Setting the Sefirah Time
The Shulchan Aruch (489:1) notes that if one didn’t count the Omer at the beginning of the night, then s/he can count Sefirah for the rest of the night. Question is, when is the beginning of the night and why is it better to count then?
There are 2 main reasons noted for the counting as early as possible. The first is the idea of Zrizin Makdimin L’mitzvos – that when does ANY Mitzva, one does so as early as he can. The other reason is Sefirah specific – the idea of Temimos – of completeness in the counting. In this regard, the goal of Sefirah is a complete count of 50 days and the early we start the day, the better off we are in making the Sefirah complete (See Mishna Berurah 489:4 that if it is not daybreak, it is still considered Temimos).
One of the big questions in our community concerns the proper timing of the beginning of the night. Generally we daven Maariv ideally at nightfall. However the time of the fall of night is somewhat disputed. Is the setting of the sun the onset of night (Shkiya)? Or is the time that the stars come out the definition of night (Tzeis HaKochavim) ? The time in between is known as Bein HaShmashos. Can one count Sefirah then (This is especially important when the lateness of the hour makes it uncomfortable and not counting in Shul might lead people to forget to count later. Can they count after Shkiyah?
Tosafos (Menachos 61a) maintains that one may count Sefirah after Shkiya since Sefirah today is Rabbinic in nature and when we have a doubt regarding a Rabbinic Mitzva, we tend to be lenient. This opinion is shared by the Rosh (Pesachim 10: 40) but Tosafos himself notes an opinion that disagrees with this idea. The Rambam clearly holds that Sefirah is a biblical Mitzva even today and therefore any doubt would require stringency and a later counting time.
The Ran (end of Pesachim ) questions whether Temimos requires each day to be complete or whether the entire unit of 50 days needs to be complete – rendering the question of when to count each day mute except for the first and last days.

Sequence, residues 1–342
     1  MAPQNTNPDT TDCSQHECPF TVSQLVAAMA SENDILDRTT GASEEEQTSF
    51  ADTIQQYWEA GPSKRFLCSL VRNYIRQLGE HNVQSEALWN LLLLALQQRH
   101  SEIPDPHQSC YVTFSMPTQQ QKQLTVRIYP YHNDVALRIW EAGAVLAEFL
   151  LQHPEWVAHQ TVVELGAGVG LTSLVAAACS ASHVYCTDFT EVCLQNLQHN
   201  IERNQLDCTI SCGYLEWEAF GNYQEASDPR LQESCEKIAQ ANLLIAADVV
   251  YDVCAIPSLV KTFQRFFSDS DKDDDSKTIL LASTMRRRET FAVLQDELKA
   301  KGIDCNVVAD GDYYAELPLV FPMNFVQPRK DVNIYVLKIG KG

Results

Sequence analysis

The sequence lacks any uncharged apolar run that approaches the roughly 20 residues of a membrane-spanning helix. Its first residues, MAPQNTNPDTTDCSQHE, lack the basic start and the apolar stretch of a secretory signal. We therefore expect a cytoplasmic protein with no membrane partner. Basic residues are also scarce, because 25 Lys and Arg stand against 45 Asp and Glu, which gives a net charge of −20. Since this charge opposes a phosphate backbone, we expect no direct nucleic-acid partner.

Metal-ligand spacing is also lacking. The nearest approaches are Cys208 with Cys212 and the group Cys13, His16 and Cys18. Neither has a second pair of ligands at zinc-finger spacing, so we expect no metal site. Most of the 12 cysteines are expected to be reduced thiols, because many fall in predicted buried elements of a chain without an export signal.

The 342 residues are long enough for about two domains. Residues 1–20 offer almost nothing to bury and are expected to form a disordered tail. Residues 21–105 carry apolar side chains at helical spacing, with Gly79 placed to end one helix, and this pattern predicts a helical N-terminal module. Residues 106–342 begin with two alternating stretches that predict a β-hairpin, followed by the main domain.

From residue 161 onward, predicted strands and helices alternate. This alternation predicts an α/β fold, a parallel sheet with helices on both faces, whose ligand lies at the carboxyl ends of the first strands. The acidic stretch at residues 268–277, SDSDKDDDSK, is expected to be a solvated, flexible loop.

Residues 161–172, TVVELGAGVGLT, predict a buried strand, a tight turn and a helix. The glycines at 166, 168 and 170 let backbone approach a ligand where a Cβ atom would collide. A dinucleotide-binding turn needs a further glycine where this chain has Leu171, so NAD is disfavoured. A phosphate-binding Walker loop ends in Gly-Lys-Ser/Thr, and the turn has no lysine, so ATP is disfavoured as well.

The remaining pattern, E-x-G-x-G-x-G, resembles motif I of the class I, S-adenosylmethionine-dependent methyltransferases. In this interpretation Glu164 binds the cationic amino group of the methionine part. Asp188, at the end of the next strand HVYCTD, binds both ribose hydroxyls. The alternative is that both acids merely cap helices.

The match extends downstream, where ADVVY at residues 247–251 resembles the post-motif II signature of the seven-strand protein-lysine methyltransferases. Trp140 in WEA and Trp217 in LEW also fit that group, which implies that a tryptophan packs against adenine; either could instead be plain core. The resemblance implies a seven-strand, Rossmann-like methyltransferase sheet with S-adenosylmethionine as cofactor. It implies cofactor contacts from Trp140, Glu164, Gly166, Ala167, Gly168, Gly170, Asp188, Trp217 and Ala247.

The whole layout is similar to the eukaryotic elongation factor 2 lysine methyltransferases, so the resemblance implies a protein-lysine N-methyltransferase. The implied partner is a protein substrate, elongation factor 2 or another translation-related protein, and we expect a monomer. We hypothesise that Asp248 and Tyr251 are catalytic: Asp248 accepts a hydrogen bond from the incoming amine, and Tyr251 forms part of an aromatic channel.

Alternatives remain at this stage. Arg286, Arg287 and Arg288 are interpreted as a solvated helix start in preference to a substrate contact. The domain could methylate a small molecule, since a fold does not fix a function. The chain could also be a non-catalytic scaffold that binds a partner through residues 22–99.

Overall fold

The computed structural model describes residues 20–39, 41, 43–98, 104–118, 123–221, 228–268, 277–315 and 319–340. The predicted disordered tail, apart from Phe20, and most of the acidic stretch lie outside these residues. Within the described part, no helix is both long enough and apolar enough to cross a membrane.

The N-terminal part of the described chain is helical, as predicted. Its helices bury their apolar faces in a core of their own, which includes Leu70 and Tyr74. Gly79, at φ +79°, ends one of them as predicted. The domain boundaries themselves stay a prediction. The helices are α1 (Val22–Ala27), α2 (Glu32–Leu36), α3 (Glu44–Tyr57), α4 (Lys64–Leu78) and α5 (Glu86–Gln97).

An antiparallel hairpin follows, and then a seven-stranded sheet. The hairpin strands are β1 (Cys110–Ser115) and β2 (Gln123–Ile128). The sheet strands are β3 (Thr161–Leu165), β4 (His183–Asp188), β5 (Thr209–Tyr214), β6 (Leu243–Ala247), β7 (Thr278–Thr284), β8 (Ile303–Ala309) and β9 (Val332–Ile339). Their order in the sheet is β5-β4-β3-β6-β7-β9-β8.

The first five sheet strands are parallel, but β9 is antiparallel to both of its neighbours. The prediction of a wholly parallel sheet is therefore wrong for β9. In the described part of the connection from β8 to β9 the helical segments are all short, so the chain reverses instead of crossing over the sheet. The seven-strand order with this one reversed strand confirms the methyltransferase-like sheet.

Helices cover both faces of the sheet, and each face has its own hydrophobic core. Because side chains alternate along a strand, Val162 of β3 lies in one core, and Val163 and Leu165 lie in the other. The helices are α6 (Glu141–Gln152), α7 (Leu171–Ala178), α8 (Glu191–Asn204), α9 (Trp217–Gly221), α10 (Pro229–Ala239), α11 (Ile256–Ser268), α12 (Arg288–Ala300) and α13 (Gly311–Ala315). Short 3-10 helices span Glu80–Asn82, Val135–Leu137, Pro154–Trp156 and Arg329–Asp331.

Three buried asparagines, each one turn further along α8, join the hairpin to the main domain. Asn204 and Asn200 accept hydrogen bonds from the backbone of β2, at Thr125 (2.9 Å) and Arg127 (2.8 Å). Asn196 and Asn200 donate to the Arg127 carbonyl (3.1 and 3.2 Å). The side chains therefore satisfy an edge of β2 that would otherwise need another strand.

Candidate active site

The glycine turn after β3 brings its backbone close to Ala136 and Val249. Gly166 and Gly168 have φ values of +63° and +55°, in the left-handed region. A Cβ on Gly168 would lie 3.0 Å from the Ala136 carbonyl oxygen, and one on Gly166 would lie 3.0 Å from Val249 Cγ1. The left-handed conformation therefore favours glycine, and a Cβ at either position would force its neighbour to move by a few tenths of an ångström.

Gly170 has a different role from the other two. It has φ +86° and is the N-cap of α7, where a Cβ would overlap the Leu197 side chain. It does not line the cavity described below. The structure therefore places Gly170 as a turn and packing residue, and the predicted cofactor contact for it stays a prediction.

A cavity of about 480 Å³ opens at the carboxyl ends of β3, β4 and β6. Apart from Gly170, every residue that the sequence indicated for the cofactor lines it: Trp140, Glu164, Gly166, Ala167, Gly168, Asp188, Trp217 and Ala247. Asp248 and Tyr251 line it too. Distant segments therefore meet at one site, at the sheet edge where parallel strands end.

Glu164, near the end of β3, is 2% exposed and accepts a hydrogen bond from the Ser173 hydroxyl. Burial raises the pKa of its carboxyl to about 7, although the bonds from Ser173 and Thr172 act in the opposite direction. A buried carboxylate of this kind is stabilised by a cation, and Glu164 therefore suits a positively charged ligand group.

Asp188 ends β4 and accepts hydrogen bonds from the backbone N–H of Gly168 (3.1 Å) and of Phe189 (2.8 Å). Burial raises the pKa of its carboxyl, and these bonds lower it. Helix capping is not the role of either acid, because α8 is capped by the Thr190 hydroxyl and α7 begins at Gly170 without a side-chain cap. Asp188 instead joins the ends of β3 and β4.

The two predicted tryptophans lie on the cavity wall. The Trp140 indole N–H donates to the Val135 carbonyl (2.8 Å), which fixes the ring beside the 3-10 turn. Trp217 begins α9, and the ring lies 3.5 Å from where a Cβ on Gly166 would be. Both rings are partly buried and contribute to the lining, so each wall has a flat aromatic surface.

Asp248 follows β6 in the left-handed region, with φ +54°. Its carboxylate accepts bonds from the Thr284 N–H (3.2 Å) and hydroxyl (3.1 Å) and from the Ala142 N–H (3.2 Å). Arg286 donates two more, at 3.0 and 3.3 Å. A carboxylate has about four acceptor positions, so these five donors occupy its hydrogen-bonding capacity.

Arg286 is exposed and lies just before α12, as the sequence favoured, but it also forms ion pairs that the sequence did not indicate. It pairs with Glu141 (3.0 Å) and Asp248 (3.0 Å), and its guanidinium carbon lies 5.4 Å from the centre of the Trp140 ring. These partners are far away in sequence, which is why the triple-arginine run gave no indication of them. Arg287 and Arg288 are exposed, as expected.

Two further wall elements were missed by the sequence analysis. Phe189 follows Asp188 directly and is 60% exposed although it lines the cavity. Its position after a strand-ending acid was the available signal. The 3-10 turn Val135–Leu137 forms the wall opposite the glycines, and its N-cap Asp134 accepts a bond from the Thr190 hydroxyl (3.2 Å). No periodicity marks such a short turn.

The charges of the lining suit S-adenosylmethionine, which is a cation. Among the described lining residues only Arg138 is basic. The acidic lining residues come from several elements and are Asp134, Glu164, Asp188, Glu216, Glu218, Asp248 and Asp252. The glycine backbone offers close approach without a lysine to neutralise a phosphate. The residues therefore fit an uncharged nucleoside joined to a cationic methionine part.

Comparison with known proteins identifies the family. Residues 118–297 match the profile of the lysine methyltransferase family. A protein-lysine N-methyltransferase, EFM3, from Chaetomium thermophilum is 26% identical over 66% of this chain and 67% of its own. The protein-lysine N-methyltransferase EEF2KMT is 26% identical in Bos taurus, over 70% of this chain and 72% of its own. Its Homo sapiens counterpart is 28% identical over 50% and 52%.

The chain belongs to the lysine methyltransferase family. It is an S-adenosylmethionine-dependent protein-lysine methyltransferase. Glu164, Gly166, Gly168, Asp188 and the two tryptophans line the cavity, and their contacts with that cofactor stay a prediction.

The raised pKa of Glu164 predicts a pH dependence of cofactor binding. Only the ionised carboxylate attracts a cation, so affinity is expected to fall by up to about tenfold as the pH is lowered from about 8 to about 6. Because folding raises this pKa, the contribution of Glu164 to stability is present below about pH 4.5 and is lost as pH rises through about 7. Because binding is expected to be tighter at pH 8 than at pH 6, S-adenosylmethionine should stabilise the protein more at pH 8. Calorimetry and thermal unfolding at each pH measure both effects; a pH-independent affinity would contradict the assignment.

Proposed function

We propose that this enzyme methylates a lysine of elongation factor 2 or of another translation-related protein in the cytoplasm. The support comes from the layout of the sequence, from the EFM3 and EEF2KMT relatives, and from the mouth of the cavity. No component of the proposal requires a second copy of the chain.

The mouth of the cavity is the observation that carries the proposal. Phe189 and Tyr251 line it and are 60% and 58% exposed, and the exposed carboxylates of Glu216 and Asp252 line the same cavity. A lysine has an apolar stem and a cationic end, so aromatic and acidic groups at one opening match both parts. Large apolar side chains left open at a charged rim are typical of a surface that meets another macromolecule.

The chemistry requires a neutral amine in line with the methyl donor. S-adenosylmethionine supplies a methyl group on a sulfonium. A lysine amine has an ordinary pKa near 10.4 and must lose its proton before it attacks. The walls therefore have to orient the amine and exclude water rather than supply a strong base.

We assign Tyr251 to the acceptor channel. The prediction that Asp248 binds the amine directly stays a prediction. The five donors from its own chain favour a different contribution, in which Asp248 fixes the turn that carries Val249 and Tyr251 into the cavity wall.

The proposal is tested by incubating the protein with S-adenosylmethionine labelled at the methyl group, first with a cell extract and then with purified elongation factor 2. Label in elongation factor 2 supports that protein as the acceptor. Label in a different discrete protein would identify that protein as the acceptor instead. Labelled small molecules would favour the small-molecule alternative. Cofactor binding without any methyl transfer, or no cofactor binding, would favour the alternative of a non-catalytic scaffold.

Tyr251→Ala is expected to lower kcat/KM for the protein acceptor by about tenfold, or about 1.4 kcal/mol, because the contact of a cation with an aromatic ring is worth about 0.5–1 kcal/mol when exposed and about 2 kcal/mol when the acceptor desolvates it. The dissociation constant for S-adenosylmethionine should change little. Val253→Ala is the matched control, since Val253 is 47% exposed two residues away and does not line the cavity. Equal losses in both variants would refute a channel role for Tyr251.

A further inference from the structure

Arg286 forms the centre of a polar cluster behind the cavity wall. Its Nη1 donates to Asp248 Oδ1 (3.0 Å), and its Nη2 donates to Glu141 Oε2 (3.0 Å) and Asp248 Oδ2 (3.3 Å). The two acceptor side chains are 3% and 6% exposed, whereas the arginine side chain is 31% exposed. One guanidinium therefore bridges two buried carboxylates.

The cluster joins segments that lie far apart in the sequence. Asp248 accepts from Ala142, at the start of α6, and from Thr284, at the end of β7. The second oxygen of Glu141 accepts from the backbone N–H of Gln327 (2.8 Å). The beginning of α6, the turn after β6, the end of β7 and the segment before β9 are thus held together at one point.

Shulchan Aruch (O.C. 489:2) rules like Tosafos but notes that those who are Midakdek in Mitzvos wait until Tzeis to count. The Mishna Berurah (14-15) explains that one who counts in Bein HaShmashos fulfills the obligation and can even make the Beracha then but L’Chatchilah one should not pursue this option.
In regard to the possibility of counting after Plag HaMincha – which often happens when we take early Shabbos – from the Beis Yosef (489) it seems that this may have been the way things were done in the past – when night was declared after Plag for safety reasons. Rav Asher Weiss Shlita suggests that in a case of emergency – like in a retirement home where the residents cannot wait until nightfall to count, there may be a basis to allow for the early counting.
Rav Elyashiv ztl (Kovetz Teshuvos III:84) disagrees and maintains that even if one can take early Shabbos – daven maariv and say Shema early based on Rabbi Yehuda’s opinion, one may NOT be lenient for Sefirah with a Beracha. (I imagine he would maintain that since one can count the next day without a Beracha and fulfill the Mitzva that way. Rav Asher Weiss argues that to do so with regularity causes people to be lenient with their approach to Berachos in general.
Rav Wosner ztl (Shevet HaLevi IX:123) concurs with Rav Asher Weiss Shlita but only in cases of great need.
Thus, ideally one counts the omer after full nightfall (Tzeis) – even the most lenient interpretation of nightfall -- as per the Elizabeth Minhag. If one counts after Shkiyah, one fulfills the Mitzva but ideally one should not attempt to rely on the lenient positions in regard to counting after Plag.